Release date: March 11, 2002
Immunology Researcher to Deliver Moon Lecture April 9 at ASU
Dr. Polly Celine Eveline Matzinger, a National Institutes of Health (NIH) researcher whose theory of how the body's immune system works is challenging the conventional theories of immunology, has been named to present the 26th Moon Distinguished Lectureship in Science April 9 at Angelo State University.
Matzinger is head of the section on T cell tolerance and memory, Ghost Lab, Laboratory of Cellular and Molecular Immunology, National Institute of Allergy and Infectious Disease, NIH. She will deliver a technical lecture for students at 2 p.m. April 9 on "Does the Immune System Really Distinguish Between Self and Non-Self?" and an 8 p.m. public lecture on "From an Ancient Native American Myth: A Treatment for Hemophilia." Both programs will be in the C.J. Davidson Conference Center in ASU's Houston Harte University Center.
Through her research in immunology over the last two decades, Matzinger is questioning the conventional wisdom of how the body's immune system works. In the process, she has been forcing scientists to re-examine long-held beliefs in immunology.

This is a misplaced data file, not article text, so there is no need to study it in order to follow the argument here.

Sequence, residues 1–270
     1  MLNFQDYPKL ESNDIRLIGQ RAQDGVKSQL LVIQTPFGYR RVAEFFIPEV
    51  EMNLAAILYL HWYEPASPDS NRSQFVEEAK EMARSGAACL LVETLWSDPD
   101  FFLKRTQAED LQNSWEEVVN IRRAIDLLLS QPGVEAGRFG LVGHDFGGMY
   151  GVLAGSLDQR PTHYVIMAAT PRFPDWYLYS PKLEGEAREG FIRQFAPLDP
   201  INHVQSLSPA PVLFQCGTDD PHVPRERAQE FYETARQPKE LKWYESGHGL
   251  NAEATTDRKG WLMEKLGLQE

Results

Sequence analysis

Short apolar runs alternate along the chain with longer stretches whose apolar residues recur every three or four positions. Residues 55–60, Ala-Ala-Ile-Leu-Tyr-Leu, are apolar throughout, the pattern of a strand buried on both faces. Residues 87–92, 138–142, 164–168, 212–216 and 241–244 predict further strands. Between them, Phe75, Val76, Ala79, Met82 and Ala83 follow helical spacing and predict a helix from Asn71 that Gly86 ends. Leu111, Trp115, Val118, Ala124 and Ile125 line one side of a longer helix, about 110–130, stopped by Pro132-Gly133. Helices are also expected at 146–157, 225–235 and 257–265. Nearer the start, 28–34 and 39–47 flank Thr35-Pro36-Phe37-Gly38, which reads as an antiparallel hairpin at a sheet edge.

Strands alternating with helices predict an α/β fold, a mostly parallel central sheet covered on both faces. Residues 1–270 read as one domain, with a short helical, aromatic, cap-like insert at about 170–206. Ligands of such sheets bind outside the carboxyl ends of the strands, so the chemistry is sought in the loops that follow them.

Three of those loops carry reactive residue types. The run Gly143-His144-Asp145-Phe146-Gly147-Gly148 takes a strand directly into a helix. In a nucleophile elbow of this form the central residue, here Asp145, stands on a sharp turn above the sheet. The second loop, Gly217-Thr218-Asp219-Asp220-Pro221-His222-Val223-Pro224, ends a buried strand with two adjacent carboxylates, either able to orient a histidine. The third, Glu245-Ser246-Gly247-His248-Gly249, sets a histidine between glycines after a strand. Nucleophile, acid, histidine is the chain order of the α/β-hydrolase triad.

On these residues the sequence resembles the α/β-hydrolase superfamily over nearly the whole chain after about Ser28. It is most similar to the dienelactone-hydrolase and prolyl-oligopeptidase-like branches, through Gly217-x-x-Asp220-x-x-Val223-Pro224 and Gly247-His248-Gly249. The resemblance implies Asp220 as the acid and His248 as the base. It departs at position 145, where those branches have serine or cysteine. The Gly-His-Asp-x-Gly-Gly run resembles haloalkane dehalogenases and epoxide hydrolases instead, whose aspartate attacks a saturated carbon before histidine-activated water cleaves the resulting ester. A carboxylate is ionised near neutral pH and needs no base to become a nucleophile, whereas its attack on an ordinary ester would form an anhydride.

To explain these immunological anomalies, Dr. Matzinger has postulated that the role of T cells, the body's surveillance cells, is not just to identify alien cells but rather to determine which of those intruder cells may be dangerous to the body's proper functioning.
Matzinger's rise to scientific prominence is just as unconventional as her theories of immunology. Her resume lists a variety of occupations jazz musician, dog trainer, carpenter, music student, Playboy bunny and waitress before she got serious about science.
She holds her B.S. from the University of California at Irvine and her Doctor of Philosophy from the University of California at San Diego. Additionally, she served four years as a National Institutes of Health Overseas Fellow in the Department of Pathology at Cambridge University.
The Moon Lectureship was established in 1976 in memory of former San Angelo physician Roy E. Moon by five of his colleagues and has been funded annually by a grant from the physicians of West Texas Medical Associates. The lectureship brings scientists of national prominence to the ASU campus each year for public lectures, colloquia, classroom visits and informal discussions.
Members of the Moon Lecture selection committee are David H. Loyd, Jr., Ph.D., Patrick E. Gibson, M.D., John T. Granaghan, Jr., M.D., Crosby W. Jones, Jr., Ph.D., C. Varren Parker, Jr., Ph.D., Fazlur Rahman, M.D., Jane Rider, M.D., and George E. Shankle, Ph.D.